e) may participate in, and have the floor at, the meetings of Parliament and parliamentary committees;
f) may propose that Parliament take certain measures;
g) may make a motion for the holding of a plebiscite;
h) according to rules defined in a separate law, appoints and relieves of their duties state secretaries and ombudsmen; i) on the proposal of persons or organs defined in a separate law, appoints and relieves the president and vice presidents of the Hungarian National Bank, and university professors; appoints and relieves of their duties the rectors of universities; appoints and promotes generals; confirms the president of the Hungarian Academy of Sciences in his office;
j) confers the titles defined in the law, awards orders of merit and distinctions, and authorizes using or wearing them;
k) exercises the right of granting elemency in individual cases,
l) decides in citizenship cases;
m) decides all affairs separate laws have referred to his competence.
(2) Every measure and decree of the President of the Republic - except for those contained in points a), d), c), f) and g) - require countersigning by the Prime Minister or the competent minister.
(1) The mandate of the President is terminated
a) with expiry of the term of office
b) with the death of the President
c) if there is a state of emergency that makes fulfilling his duties impossible for a period of over ninety days
d) if incompatibility has been declared
e) if he has resigned
f) if he has been stripped of the presidency.
(2) In case there are reasons to indicate incompatibility in connection with the person of the President of the Republic in the fulfilment of his office [para 30, ident (1)], Parliament takes a decision on declaring incompatibility after a representative has made the relevant motion. To pass the decision, the affirmative votes of two thirds of the Members of Parliament are required. Voting is by secret ballot.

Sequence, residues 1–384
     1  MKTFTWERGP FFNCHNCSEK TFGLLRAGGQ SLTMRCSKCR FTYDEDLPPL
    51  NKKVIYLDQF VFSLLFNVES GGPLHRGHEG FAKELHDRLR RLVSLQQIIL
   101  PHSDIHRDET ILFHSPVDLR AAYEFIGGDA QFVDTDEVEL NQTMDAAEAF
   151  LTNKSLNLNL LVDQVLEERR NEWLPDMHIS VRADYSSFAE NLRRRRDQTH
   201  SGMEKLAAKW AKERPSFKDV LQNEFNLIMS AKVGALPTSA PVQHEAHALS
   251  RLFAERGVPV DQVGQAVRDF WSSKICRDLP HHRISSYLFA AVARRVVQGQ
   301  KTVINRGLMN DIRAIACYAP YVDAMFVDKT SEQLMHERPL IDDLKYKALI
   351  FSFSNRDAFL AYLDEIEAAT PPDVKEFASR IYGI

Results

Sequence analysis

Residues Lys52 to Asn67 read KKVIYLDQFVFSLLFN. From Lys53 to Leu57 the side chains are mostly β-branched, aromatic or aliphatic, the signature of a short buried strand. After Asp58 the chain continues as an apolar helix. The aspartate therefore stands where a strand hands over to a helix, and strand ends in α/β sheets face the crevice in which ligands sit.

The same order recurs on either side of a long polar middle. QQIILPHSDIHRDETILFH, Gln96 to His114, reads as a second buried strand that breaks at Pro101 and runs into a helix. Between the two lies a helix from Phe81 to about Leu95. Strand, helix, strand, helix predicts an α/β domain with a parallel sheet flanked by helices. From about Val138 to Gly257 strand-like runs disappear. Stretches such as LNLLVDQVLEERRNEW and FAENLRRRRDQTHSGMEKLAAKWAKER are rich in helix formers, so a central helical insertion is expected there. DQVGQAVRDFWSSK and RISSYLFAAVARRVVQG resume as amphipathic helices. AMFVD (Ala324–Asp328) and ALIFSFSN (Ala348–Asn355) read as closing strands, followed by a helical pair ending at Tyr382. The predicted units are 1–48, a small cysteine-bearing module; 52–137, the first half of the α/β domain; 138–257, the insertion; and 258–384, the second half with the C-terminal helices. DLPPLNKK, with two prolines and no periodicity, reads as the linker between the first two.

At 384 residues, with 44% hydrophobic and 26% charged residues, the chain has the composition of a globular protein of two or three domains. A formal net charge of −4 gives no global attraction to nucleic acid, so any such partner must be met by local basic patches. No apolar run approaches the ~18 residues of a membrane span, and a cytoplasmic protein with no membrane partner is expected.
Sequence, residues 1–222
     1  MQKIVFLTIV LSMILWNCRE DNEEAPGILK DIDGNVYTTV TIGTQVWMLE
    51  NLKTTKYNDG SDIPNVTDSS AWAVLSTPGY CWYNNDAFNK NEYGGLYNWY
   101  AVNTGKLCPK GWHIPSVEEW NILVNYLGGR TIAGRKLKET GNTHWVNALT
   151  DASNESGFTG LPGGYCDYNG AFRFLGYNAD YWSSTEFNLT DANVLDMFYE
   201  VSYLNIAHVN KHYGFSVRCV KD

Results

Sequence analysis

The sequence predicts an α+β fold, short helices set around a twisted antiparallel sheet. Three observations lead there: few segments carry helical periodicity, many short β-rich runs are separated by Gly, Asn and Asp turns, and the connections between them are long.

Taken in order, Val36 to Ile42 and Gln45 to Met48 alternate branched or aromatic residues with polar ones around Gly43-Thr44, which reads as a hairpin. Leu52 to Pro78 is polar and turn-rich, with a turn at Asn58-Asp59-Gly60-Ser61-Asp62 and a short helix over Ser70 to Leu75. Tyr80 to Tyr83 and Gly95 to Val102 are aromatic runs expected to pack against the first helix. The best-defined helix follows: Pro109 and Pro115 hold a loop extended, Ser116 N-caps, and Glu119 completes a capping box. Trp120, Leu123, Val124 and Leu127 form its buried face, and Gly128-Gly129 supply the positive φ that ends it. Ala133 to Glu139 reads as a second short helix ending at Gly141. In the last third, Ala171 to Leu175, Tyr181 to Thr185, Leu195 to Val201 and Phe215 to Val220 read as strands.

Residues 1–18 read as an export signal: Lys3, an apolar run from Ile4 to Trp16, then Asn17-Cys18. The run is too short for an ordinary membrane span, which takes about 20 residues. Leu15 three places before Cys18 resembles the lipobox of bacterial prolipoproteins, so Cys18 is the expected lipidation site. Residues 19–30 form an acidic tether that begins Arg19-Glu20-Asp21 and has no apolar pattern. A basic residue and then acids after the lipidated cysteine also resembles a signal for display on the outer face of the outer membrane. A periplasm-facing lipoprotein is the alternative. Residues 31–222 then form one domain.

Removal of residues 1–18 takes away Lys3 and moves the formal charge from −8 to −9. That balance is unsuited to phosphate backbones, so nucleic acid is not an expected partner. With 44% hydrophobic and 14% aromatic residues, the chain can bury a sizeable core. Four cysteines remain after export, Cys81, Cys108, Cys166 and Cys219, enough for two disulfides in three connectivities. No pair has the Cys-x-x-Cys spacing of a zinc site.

(3) The President of the Republic may resign from his post in a statement addressed to Parliament. For the resignation to take effect, a statement of acceptance is neccessary from Parliament. Within 15 days after his initial resignation, the President may be requested by Parliament to reconsider his decision. If the President of the Republic abides by his decision, Parliament cannot refuse accepting the resignation.
(4) The President of the Republic may be stripped of his office if in the performance of his functions he has deliberately flaunted the Constitution or transgressed any other law.
(1) The person of the President of the Republic is inviolable; his special protection is ensured by a separate law.
(2) One-fifth of the Members of Parliament may lodge a motion to impeach the President of the Republic if he has offended against the Constitution or any other law.
(3) To start the impeachment procedure, the votes of two thirds of the members of Parliament are required. Voting is by secret ballot.
(4) After the decision of parliament until the conclusion of the impeachment procedures, the President must not exercise his functions.
(5) Judging the offence is within the competence of the Constitutional Court.